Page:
In the shadow of Cannon Mountain, lies a resident of Franconia Notch State Park that is hidden away. It doesn’t get all the glitz and glory of the Flume Gorge. It doesn’t have an aerial tram leading up to its majestic beauty. It doesn’t even have a museum that talks about its past. But still, it’s an incredibly important part of the Notch. Of course, I’m talking about Boise Rock.
Boise Rock sits in the shadow of Cannon Cliffs. While not as well known as some other parts of the Notch, Boise Rock plays an important and interesting role in this region of New Hampshire’s local history. But good stories start at the beginning, so let’s start with the Rock’s origin story.
This story begins in the Ice Age, around 2-3 million years ago when the Earth’s climate was cooling rapidly. Because summers then were not warm enough to melt all the winter snow and ice, this snow and ice accumulated, forming mighty glaciers. These glaciers moved across the North American landscape, producing a variety of dramatic changes. For example, glaciers created the Great Lakes, now the largest source of fresh water in the world. Glaciers also moved huge amounts of rock from northern regions of North America farther south, forever changing vast swaths of the landscape and the makeup of the soil. One of these rocks that was transported South was Boise Rock, and its final resting place is in Franconia Notch.
But Boise Rock’s claim to fame is not that it was moved hundreds of miles away from its original home, though that is certainly impressive. Boise Rock became famous thousands of years later, in the early 1800s. One winter night, Thomas Boise, a teamster from Woodstock, New Hampshire, was traveling through Franconia Notch with his horse. Suddenly, a fierce blizzard struck. In order to survive Thomas Boise took shelter under the rock that now bears his name. There, as the night wore on, the blizzard became so strong and so cold, that Boise had to resort to drastic measures to survive. Faced with no other choice in the midst of whiteout conditions, he made the difficult choice to kill his horse, skin it, wrapped himself in the hide so that he might stay warm enough to survive the night. The next morning, a search party was sent out to look for Boise. When they found him, he was miraculously still alive under the great rock but nearly frozen inside his horse’s hide. There was no doubt: his horse’s hide and the huge rock saved Thomas Boise’s life. This incident became famous as a courageous story of survival, and the giant boulder was given Boise’s name.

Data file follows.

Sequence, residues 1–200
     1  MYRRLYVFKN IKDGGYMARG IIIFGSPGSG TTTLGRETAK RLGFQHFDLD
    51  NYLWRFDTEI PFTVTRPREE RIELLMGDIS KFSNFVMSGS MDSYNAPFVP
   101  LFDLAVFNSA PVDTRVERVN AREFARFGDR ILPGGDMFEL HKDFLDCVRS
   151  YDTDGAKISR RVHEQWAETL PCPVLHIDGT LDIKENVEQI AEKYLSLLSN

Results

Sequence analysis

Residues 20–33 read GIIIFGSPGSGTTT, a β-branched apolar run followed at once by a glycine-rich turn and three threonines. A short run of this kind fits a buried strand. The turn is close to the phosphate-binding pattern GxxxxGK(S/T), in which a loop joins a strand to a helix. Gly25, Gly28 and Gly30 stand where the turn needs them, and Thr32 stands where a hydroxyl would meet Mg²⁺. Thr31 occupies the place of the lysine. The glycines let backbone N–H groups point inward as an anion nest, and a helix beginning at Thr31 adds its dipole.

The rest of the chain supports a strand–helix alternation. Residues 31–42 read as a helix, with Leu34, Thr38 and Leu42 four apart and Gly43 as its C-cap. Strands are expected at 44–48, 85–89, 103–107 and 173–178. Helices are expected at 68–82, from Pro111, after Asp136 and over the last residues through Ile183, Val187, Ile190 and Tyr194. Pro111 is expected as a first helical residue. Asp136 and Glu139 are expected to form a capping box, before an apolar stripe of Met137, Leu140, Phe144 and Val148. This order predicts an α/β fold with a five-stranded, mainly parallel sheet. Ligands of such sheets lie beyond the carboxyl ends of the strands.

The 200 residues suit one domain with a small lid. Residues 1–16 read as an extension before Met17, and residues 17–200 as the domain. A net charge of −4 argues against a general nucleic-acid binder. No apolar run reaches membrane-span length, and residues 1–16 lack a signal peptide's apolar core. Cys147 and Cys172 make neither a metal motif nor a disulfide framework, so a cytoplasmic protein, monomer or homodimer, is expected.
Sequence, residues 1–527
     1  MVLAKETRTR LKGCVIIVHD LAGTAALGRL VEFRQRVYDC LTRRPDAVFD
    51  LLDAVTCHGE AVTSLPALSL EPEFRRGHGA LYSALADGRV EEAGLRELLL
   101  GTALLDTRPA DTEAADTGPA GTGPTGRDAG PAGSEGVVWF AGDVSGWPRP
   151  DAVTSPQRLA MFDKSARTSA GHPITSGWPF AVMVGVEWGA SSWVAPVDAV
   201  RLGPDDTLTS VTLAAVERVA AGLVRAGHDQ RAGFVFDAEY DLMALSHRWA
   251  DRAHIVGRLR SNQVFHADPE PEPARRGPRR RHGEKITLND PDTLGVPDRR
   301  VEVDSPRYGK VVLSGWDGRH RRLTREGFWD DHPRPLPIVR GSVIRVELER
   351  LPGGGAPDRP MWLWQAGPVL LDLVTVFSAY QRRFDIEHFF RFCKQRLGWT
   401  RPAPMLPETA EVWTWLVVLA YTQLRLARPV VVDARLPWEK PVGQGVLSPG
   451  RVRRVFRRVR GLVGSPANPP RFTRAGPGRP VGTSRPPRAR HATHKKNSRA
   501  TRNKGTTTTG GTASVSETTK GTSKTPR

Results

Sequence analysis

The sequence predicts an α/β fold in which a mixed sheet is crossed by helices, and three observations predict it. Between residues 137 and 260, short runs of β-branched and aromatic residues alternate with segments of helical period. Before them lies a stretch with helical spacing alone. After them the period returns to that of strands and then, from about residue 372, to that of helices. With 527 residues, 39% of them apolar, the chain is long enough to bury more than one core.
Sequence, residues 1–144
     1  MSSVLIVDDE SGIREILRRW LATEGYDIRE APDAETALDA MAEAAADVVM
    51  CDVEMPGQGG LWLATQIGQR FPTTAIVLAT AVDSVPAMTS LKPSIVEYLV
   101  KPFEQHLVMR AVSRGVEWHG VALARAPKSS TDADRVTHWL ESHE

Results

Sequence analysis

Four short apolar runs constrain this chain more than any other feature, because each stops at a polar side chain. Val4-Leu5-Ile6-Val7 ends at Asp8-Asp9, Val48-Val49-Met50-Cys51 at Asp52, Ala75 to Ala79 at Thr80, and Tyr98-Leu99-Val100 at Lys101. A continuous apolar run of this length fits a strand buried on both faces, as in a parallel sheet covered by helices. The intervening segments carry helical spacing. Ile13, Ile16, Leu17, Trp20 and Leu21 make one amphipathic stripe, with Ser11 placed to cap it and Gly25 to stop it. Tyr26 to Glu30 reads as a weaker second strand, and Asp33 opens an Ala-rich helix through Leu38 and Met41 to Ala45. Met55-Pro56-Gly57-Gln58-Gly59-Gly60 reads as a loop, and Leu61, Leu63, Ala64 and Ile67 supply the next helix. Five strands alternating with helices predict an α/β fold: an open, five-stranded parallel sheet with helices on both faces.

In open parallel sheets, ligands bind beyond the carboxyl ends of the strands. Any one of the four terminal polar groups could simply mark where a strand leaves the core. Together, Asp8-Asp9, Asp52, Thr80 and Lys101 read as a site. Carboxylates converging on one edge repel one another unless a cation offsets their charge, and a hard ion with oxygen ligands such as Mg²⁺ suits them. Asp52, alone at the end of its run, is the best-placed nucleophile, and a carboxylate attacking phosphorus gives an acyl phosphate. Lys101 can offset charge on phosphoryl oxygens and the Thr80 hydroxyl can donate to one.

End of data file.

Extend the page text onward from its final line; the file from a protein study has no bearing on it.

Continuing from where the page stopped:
Even though it has been over 200 years since Boise Rock saved Thomas Boise’s life, the rock still has life depending on it (though not as dramatically as that one winter night!). If you take a close look at Boise Rock, you will see lichen and moss growing on it. Lichen is a symbiotic organism, which means that it is part algae and part fungus. It can live in a variety of locations: rocks, trees, mountain tops, deserts, even Antarctica. Moss, on the other hand, is all plant and likes to live in moist areas that are not overly sunny. Boise Rock is located in such a location that both organisms can survive there, and many colonies of lichen and moss call Boise Rock home. In this way, Boise Rock continues to be an important part of the local ecosystem, providing shelter for organisms small and, as Thomas Boise knew, large.
Even though it’s not as dramatic as rushing waters, spectacular overlooks, or steep cliffs, Boise Rock is still a great place visit for its impressive vista and fascinating, once-in-a-lifetime history. So next time you are in Franconia Notch State Park, come visit this hidden gem of the Notch and see what you can discover.